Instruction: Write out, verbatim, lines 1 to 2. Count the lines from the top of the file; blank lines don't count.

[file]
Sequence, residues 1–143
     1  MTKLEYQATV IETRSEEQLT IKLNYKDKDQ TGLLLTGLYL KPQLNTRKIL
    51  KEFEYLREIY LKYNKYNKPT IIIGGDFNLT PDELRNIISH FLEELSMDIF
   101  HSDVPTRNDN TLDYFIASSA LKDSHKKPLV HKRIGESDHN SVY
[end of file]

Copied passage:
Sequence, residues 1–143
     1  MTKLEYQATV IETRSEEQLT IKLNYKDKDQ TGLLLTGLYL KPQLNTRKIL